Once you draw attention to Border Force and use the word traitors, it’s Game Over. But using Muslim Immigration officers to let the wrong people in while keeping the right people out, what else could you

      • GraveDave

        Hello Jack ; – )

    • GraveDave

      I can assure you that its general readership is no way as lefty-liberal/ PC as you and some others try and make out.
      The censorship though of ‘cif’ well that’s different and very one sided when it comes to the ‘ minority’.
      But that is down to the so called mods (not Disqus btw) And they get a lot of s–t for it.

    • gunnerbear

      The ‘New Telegraph’ is terrible. Soon be sold I reckon.

    • Leon Wolfeson

      So you don’t want private companies to be able to control who posts on them? Oh dear…

      As you then spin a conspiracy theory of blame for moderation policies into their fault for launching i and the general decline of newspapers…

  • davidshort10

    Hands up all those who think this guy gets away with writing this sort of weak stuff in a Tory magazine because his father was a Tory minister.

  • Jackthesmilingblack

    Test
    Even blocked by gutless Guido, although he uses Disqus as an excuse. Internet correspondents are being blocked and deleted left and right. Something big must be going down.

    • GraveDave

      Like most Tories, Guido”s always been a fraud. Certainly no true libertarian.

      • Jackthesmilingblack

        Thought you had to blog, “*uck the Pope” to be banned from Guido.

  • GraveDave

    The Guardian, I read, is edging away from allowing comments under articles on certain subjects (race and religion, mainly),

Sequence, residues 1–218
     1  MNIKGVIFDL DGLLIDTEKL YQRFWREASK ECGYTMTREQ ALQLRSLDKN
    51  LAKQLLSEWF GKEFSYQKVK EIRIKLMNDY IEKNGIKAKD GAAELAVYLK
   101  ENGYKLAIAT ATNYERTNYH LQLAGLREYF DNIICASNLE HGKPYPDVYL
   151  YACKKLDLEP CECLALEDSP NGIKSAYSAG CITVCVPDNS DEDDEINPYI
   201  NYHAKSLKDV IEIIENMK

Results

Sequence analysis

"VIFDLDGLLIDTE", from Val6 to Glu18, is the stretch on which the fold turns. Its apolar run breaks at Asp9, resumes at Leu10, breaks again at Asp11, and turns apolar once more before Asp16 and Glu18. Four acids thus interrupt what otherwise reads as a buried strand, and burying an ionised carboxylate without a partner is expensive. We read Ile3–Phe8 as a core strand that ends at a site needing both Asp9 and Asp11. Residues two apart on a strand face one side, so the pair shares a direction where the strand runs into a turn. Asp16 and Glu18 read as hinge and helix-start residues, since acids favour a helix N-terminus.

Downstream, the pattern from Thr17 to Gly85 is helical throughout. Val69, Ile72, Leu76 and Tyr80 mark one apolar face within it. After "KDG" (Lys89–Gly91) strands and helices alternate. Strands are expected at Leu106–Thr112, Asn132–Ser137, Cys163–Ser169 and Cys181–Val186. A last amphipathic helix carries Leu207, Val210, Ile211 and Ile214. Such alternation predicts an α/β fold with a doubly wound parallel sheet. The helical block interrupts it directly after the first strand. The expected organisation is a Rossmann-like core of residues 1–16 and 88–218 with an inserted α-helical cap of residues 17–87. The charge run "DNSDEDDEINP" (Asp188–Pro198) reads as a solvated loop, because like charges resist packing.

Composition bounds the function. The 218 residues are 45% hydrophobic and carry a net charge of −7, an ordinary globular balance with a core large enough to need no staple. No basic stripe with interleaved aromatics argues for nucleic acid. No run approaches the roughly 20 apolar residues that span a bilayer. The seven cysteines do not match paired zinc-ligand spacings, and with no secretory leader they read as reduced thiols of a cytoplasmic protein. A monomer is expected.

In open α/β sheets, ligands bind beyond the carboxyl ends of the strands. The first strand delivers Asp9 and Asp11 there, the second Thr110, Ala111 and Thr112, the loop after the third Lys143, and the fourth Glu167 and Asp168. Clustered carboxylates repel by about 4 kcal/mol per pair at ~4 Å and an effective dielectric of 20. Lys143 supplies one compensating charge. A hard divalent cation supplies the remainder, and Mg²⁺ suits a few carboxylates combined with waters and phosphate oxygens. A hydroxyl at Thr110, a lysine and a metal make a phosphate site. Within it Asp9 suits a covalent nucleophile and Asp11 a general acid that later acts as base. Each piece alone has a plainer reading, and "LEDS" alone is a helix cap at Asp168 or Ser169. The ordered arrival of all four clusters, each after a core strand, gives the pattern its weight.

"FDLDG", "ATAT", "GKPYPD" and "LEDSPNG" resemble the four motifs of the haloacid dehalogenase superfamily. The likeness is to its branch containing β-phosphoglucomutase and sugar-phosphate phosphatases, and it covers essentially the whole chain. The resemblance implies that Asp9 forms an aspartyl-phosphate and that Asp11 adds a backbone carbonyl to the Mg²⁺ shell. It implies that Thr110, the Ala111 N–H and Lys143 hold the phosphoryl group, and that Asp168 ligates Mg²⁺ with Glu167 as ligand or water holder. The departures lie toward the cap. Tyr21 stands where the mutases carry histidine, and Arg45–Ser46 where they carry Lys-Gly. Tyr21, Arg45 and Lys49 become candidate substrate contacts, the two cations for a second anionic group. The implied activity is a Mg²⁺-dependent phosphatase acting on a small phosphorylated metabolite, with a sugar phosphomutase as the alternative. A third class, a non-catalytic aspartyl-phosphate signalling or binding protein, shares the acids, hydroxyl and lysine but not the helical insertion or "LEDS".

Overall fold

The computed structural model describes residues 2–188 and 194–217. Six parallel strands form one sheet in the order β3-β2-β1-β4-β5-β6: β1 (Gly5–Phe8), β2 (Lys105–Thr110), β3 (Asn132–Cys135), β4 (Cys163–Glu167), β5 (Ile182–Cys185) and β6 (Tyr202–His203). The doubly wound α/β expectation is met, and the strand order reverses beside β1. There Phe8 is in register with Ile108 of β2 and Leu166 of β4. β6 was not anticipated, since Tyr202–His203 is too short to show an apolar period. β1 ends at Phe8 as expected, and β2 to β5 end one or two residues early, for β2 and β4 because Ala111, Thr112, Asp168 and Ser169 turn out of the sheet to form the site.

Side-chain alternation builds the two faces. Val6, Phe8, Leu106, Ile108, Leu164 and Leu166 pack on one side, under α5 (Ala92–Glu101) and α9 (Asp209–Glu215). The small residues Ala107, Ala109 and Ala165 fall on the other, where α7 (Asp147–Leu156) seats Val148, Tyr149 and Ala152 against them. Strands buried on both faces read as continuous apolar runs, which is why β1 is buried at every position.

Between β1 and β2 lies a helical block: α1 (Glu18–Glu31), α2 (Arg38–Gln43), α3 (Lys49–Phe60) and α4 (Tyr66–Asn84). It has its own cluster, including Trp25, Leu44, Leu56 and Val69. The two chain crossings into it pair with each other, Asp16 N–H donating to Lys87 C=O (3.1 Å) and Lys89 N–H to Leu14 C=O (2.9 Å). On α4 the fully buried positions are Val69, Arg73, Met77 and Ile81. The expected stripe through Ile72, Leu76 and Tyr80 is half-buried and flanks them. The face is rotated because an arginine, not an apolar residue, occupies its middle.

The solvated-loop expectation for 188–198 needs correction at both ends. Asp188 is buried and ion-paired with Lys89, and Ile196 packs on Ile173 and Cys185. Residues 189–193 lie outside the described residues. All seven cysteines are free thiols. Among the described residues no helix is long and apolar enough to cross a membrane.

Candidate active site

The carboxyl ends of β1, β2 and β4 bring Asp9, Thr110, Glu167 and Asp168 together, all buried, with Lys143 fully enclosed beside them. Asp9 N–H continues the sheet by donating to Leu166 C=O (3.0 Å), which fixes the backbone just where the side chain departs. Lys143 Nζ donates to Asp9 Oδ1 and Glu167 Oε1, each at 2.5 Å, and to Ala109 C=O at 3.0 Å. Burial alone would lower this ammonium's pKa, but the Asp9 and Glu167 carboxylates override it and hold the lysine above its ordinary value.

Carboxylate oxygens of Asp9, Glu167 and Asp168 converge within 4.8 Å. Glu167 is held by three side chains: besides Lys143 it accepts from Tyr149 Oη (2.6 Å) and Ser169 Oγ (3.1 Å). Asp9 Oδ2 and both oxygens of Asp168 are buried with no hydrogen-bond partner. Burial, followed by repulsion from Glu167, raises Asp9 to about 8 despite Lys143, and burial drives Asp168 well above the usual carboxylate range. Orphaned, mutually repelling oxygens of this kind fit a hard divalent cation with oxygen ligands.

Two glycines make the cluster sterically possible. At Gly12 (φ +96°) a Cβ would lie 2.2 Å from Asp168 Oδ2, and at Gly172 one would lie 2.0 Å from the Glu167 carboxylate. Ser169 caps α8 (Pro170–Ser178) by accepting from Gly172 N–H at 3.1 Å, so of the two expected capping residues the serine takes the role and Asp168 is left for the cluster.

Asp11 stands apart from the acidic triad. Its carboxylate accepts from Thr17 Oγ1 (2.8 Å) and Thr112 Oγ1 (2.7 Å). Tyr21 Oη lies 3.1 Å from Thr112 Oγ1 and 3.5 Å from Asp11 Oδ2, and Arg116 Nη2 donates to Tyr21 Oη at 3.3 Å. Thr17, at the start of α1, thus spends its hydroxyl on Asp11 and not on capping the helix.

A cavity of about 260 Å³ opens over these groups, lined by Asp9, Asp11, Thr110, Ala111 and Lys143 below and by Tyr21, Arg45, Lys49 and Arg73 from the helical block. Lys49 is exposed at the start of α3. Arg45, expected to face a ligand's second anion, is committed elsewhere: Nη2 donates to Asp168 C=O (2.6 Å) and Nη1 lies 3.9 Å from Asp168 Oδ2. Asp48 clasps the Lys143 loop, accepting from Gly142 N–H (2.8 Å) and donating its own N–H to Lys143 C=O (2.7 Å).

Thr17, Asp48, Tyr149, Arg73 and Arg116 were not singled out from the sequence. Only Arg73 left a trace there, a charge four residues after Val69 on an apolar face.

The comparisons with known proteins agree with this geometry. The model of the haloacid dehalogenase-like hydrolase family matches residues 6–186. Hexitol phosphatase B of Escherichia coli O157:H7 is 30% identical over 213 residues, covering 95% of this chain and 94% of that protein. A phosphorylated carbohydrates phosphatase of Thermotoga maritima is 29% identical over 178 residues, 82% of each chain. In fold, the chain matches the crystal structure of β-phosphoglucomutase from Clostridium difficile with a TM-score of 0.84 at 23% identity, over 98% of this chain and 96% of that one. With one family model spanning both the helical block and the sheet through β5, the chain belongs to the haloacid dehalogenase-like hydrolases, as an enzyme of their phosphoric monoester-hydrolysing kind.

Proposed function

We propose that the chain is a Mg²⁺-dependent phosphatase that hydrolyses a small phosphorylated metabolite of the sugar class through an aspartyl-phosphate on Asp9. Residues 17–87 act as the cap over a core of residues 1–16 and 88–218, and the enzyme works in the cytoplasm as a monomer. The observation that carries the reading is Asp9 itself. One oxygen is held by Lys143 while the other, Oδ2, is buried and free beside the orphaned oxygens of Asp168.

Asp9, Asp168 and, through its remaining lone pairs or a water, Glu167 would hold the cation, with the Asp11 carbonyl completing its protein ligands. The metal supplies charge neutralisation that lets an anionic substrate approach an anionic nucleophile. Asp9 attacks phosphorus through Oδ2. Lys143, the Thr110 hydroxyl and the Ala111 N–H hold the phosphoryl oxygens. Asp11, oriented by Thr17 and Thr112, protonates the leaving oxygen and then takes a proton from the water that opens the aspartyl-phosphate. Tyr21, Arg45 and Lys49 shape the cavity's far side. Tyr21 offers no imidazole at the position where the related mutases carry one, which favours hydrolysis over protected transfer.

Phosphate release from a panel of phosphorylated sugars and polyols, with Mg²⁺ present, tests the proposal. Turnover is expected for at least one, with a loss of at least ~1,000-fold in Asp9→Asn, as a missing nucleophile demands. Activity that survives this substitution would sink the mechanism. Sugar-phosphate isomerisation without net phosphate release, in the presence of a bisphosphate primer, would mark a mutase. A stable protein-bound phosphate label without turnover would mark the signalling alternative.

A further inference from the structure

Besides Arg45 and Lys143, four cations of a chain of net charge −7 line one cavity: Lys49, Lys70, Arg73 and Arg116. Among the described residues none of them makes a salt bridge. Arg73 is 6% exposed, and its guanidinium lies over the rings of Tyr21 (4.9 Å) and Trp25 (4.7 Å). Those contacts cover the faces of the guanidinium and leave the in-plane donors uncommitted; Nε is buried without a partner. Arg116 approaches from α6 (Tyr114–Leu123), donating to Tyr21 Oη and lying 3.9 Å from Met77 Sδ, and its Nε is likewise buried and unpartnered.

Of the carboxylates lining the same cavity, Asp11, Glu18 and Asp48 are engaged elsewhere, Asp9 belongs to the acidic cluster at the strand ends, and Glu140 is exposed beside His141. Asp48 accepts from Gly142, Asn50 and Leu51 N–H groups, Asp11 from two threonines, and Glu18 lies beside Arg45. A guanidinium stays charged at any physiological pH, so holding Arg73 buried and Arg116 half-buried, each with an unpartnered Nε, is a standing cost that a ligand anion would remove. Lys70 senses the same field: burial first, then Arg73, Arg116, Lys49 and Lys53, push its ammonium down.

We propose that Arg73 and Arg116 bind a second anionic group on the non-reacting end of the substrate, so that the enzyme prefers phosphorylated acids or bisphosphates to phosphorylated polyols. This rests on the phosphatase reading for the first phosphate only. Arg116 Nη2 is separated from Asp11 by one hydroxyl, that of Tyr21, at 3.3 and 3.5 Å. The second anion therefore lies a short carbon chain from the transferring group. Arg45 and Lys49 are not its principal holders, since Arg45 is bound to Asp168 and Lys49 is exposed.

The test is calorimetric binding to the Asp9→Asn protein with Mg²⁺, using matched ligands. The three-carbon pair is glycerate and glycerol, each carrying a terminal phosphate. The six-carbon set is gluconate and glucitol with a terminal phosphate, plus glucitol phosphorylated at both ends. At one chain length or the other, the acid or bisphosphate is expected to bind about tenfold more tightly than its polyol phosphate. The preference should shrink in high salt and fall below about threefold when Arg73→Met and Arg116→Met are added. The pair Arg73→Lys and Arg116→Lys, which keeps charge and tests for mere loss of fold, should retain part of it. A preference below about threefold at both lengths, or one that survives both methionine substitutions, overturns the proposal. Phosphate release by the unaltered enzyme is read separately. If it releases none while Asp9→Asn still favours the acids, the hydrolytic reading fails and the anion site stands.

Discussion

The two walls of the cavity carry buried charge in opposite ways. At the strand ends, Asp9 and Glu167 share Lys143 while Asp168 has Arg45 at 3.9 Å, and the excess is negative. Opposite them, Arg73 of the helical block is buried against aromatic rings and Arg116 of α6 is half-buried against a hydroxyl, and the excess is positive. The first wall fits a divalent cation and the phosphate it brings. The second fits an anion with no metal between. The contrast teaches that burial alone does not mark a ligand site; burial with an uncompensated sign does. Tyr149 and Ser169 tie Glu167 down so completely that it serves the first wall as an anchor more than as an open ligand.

It hasn’t yet. But it still moderates heavily against straight, white, ‘privileged’ males ; – )

    • Sean L

      It’s not just those topics: I got censored merely for suggesting that “global warming” was a quasi-religious cult with its own priesthood and doctrines masquerading as “scientists” and “science”. Which you could argue proved the point…

    • Jacobi

      I once got into deep trouble at the US customs for describing myself as “pinko grey”. You can imagine when. It was an in Guardian expression then. Yes I know, I read the Guardian then!

  • Sean L

    Sounds a lot more worth reading and normal than you mate.

  • Jacobi

    An apparent clampdown on forthright, considered, non-Politically-Correct comment in the mainstream press, the Spec and certain Catholic journals included, has been increasingly mentioned. Wouldn’t know about Facebook or Twitter, never use them.
    But is this a danger? Something is dangerous when the user does not realised it, or is reckless.
    More dangerous perhaps is the subtle steady clamp-down on expression as in the Guardian, or
    Telegraph. The gradual withdrawal of comment, censorship of unwanted opinion, of editorial insistence on ”nicer” topics.

    I suggest that this is possibly a greater danger. There is a place for forthright comment in today’s press.

  • anonuk

    Tay Ai, your Plastic Pal Who’s Fun To Be With.

  • Sue Smith

    I think this looks like the best modern technological innovation; it’s one which says a great deal about the Obama administration (and some other Presidencies)! Thank the deity of choice for social media!!

    https://www.youtube.com/watch?v=NU3GsMRV24I

    • I found this rather amusing and quaintly retro somehow..

      • Sue Smith

        Yes, it’s meant to be funny – but I do think it makes the connection between the President and the Queen, which I’ve always regarded as fairly obvious. Obama does behave like the Queen; garden parties, celebrations, birthday parties and diplomatic receptions; not too much in the way of hard decision-making ever seems to be going on in the current White House. In my over-60 years on this planet I’ve never known a President to have so much free time!

        The result? Trump.

  • Will she dare to be critical of Islam, though, I wonder?

    This is how we will be able to tell whether she is human or not.

    • Marvin

      She is too intelligent to try that.

  • Tamerlane

    ‘It gives the tools that once belonged to the elite to the masses’ Balls man, if it represented ‘the masses’ Miliband would be PM. It’s was hijacked long ago by the usual suspects from the Metro-Left.

  • Marvin

    I think that anyone who gets offended by the truth should go somewhere more suitable.